10172017Headline:

Baltimore, Maryland

HomeMarylandBaltimore

Email Nathaniel Fick Nathaniel Fick on LinkedIn Nathaniel Fick on Twitter Nathaniel Fick on Avvo
Nathaniel Fick
Nathaniel Fick
Attorney • (410) 321-6000

What is Alternative Dispute Resolution, and Could it Apply to My Case?

Comments Off

Alternative dispute resolution (ADR) is the process of settling a case by means other than litigation. Because ADR is less costly, more private, and typically faster than litigation, it is becoming more and more popular and is increasingly being used to resolve a variety of legal issues, including commercial and labor disputes, divorce actions, personal injury and medical malpractice claims.

There are many ways to resolve a legal dispute besides litigation. The two major forms of ADR include:

Mediation

Also known as conciliation, mediation is the fastest growing ADR method. Unlike litigation, mediation gives the parties an opportunity to resolve their own disputes with the help of a neutral third party, or mediator.

Mediation is not binding since the mediator cannot impose a decision upon the parties. Instead, the mediator’s job is to keep the parties talking and ease them through difficult points of conflict. A typical mediation consists of the following stages:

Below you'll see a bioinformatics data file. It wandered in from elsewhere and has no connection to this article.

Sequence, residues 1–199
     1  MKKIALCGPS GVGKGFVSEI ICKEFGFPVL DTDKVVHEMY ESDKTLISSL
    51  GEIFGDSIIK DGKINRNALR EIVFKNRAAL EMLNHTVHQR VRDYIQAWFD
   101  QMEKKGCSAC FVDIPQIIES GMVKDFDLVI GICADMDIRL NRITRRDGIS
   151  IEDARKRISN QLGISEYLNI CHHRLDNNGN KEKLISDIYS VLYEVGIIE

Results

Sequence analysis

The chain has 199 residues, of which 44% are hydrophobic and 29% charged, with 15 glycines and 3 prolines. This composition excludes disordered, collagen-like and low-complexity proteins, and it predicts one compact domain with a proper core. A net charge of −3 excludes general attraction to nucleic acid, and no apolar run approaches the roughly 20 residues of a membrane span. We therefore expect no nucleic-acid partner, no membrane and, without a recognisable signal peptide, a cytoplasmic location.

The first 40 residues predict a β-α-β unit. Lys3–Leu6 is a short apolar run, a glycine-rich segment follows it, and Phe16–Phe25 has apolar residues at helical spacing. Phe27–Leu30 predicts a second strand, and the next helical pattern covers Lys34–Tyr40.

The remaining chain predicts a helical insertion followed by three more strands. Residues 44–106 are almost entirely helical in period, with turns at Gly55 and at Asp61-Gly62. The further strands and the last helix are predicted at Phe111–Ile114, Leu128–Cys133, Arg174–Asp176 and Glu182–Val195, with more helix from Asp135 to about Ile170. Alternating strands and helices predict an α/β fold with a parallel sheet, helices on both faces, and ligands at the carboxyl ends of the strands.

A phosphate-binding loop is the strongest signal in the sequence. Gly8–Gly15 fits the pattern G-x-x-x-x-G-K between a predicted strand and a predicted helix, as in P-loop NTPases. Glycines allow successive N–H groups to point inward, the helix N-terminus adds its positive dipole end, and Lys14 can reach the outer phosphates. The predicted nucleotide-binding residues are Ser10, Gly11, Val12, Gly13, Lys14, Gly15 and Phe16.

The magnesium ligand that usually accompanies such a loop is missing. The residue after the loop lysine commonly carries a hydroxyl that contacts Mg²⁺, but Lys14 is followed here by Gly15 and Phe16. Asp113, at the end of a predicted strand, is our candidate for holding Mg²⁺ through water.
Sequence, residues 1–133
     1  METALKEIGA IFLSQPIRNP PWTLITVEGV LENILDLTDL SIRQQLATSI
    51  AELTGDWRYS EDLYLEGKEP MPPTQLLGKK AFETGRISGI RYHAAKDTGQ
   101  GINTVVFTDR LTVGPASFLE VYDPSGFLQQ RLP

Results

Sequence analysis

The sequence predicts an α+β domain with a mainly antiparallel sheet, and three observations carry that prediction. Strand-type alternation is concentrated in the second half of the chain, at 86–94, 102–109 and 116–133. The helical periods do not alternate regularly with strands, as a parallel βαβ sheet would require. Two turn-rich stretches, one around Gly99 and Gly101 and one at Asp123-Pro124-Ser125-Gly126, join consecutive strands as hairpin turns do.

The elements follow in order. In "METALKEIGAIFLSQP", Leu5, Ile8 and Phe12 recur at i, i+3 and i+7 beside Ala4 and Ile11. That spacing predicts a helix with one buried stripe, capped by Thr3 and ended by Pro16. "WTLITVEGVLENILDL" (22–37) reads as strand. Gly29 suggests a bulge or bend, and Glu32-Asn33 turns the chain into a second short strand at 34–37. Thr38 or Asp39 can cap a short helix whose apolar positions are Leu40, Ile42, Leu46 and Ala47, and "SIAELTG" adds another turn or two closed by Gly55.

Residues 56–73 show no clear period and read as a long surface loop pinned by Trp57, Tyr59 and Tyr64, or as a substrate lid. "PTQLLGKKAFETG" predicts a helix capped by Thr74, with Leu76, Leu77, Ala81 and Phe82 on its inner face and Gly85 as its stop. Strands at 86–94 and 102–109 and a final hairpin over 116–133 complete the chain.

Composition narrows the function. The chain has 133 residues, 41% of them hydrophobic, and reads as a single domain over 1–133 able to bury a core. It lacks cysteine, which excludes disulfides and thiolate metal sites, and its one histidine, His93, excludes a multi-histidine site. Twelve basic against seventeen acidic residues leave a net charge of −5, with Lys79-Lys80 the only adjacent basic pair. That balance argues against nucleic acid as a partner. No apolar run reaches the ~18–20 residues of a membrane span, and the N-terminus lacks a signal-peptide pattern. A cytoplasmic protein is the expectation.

• Initial agreement on various procedural matters
  • An exchange of the parties’  initial positions
  • Shuttle diplomacy,” a process during which the mediator meets with each side separately to explore settlement options
  • The mediator carries offers and counteroffers back and forth between the parties
  • If the parties agree, they sign a settlement agreement

Mediation allows both parties to retain control of the process and to strike their own bargain. Upon agreement, there are no appeals, delays, or unknown risks – the dispute is officially over.

Arbitration

In arbitration, a neutral third party, or arbitrator, hears the arguments of the parties out of court and imposes a final and binding decision that is enforceable in court. Typically, the parties agreed to arbitration in advance before any dispute arose, and it can be voluntary or required as part of a contract. Unlike litigation, arbitration offers no appeal process, and when a decision is issued, the case is ended.

The types of disputes most likely to be resolved through arbitration include labor, commerce, auto insurance claims, securities, antitrust, international business, and employment discrimination, and its popularity may be on the rise. According to Bloomberg, a group of six attorneys from Washington, London, and Paris announced in February 2014 that they plan to open a global arbitration firm later in the year.

Because arbitration is usually easier, cheaper, and faster than litigation, arbitration clauses have become a standard feature in many employment contracts, although it should not be taken lightly, since parties who agree to it are bound to their agreement and must satisfy any award ordered by the arbitrator.